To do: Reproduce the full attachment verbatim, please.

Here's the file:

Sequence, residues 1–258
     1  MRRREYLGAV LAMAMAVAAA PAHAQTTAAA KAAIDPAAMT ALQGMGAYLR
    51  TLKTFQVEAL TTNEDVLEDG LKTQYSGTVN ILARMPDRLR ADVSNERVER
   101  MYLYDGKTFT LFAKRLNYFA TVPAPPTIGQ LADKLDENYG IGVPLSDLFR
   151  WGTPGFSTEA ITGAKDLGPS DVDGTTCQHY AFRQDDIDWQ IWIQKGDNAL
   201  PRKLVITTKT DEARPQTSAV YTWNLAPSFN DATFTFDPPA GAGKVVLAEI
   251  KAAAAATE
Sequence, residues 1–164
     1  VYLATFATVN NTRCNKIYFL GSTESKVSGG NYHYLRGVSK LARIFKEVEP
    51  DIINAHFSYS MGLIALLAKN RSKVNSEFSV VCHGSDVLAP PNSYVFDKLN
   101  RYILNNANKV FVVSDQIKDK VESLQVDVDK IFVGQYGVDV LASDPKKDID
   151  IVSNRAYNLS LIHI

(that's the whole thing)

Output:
Sequence, residues 1–258
     1  MRRREYLGAV LAMAMAVAAA PAHAQTTAAA KAAIDPAAMT ALQGMGAYLR
    51  TLKTFQVEAL TTNEDVLEDG LKTQYSGTVN ILARMPDRLR ADVSNERVER
   101  MYLYDGKTFT LFAKRLNYFA TVPAPPTIGQ LADKLDENYG IGVPLSDLFR
   151  WGTPGFSTEA ITGAKDLGPS DVDGTTCQHY AFRQDDIDWQ IWIQKGDNAL
   201  PRKLVITTKT DEARPQTSAV YTWNLAPSFN DATFTFDPPA GAGKVVLAEI
   251  KAAAAATE
Sequence, residues 1–164
     1  VYLATFATVN NTRCNKIYFL GSTESKVSGG NYHYLRGVSK LARIFKEVEP
    51  DIINAHFSYS MGLIALLAKN RSKVNSEFSV VCHGSDVLAP PNSYVFDKLN
   101  RYILNNANKV FVVSDQIKDK VESLQVDVDK IFVGQYGVDV LASDPKKDID
   151  IVSNRAYNLS LIHI